Coffee-Cocoa Rubbed Brisket

So this happened because whenever we go down to Maryland to visit my seester, I end up hanging out with my brother-in-law watching a lot of TV. One night he let me control the remote and we ended up watching like seven back-to-back episodes of Diners, Drive-Ins and Dives which, after Chopped, is like my favorite Food Network show ever.

I love me some Guy Fieri, now there's a man who loves food. I totally want him to come hang out in my kitchen and just make those mouthgasm noises. My BIL did comment that a lot of the food didn't look that good, and furthermore, it didn't seem like food I would eat. Guy certainly makes it sound amazing, but who knows how it actually is in person.

Anyway, one episode featured the restaurant Momocho in Cleveland, and the chef featured his specialty: coffee-rubbed brisket. It was slow cooked for hours, then shredded and served in a tortilla with onions and peppers.

This definitely had possibilities. Tacos and burritos are a sure thing around here and this meat looked really spectacular. Furthermore it could be made in the slow cooker.

I remembered an episode of Chopped where the secret ingredient was ostrich. One chef rolled it in cocoa powder before searing it. I thought about doing this with the brisket because when I make chili, I always throw in a square of baker's chocolate. Yet the coffee rub sounded interesting, too. Could I do both?

Of course I could.

I scouted around the Internet, compared and contrasted, and in the end, came up with this. And it was crazy.

Coffee-Cocoa Rubbed Brisket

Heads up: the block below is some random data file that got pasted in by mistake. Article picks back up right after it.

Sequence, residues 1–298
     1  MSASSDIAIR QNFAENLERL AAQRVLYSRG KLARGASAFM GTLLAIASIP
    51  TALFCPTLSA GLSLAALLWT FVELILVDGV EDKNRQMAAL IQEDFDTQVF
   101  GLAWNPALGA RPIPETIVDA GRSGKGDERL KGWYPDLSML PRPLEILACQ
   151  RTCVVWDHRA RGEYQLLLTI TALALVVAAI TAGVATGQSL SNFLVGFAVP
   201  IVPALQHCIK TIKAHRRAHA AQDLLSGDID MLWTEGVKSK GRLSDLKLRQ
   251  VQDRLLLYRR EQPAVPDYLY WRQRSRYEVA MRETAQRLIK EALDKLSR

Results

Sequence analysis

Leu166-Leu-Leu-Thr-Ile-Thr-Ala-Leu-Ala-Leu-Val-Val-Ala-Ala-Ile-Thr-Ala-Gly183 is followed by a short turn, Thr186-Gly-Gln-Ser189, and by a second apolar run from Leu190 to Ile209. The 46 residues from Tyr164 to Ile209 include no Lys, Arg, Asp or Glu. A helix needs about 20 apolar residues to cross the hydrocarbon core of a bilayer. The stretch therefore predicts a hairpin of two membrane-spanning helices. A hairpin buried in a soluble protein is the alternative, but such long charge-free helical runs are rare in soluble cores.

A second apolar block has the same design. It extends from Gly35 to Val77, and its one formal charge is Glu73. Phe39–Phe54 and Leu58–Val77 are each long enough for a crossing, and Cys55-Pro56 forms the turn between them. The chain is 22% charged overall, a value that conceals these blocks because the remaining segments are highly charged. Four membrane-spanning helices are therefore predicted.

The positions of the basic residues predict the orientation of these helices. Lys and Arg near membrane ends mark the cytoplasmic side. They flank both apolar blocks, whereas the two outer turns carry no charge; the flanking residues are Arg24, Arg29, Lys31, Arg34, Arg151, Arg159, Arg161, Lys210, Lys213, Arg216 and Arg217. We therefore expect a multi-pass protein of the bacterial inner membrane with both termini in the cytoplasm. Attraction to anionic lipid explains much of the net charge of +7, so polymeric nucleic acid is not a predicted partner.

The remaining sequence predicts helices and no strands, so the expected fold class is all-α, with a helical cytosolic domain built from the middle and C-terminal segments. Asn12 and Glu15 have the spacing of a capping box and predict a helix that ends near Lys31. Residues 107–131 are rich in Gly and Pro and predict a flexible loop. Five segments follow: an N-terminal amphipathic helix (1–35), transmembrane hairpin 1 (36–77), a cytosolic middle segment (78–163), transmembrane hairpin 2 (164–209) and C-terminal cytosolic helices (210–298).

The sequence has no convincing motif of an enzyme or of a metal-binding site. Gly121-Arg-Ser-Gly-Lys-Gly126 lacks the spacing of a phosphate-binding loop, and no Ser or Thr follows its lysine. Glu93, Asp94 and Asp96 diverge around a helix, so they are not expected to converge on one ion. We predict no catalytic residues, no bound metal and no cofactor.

• 2 tbsp coffee
  • 2 tbsp cocoa powder
  • 1 tbsp cumin
  • 1 tbsp chili powder
  • 2 tsp brown sugar
  • 1 tsp salt (the brisket, I confess, came out just a tad salty so I'm taking it down to a teaspoon, you can add more later if it needs it)
  • 1 can coconut milk

Mix all the dry ingredients in a large bowl. Cut the brisket into two pieces, rub all over with either olive oil or coconut oil and then roll it in the dry rub, really getting it coated. Your hands will be a mess. It's OK, just keep packing on the rub. Get the brisket into a ziplock bag and let it sit for either 2 hours or overnight.

Pour the can of coconut milk into the slow cooker. Put the brisket in, cover and cook on low for 8-10 hours.

Take the brisket out, skim the fat off the gravy. Shred the meat with two forks and put back into the cooker.

Serve over coconut rice, or in a soft tortilla, with onions and peppers.


Fish Tacos

As with so many things, I was late to the fish taco party. For a long time they just didn't sound appealing at all, or my inner 13-year-old would giggle. Then one night I was watching one of my favorite Food Network shows, Guy Fieri's Diners, Drive-ins and Dives, and one of the segments was this place in California where the specialty is fish tacos. I saw how they were prepared and thought I can do that.

Oddly enough, the first time I made them at home was when I had no kitchen. We were renovating, the kitchen was gutted down to the studs, and we had temporary digs set up in the living room. Working with my two butane burners, I tried to approximate what I'd seen on TV by sauteing chunks of roughy in butter and lime juice, then serving with a lot of fixings: quartered cherry tomatoes, chopped scallions, and prepared broccoli slaw. Broccoli slaw is an awesome invention and I always have a bag of it on hand, especially in summer.

And wow, were they good.  I couldn't believe I'd lived this long without trying them.

So I made these the other night but as I had no filet fish on hand, I reached instead for a box of Trader Joe's mahi-mahi burgers. These are great on the grill in summer time, they make a nice alternative to hamburgers. I figured they'd work for tacos. I just fried them up 5 minutes on a side then cut them into rough chunks. I made the broccoli slaw again although I had it in the back of my mind that the celery-fennel slaw would be amazing with fish tacos. Baby spinach, and halved cherry tomatoes and sliced cucumbers.

Everyone fix 'em up, roll 'em up, come and get 'em.  I can't wait to eat these outside on my deck.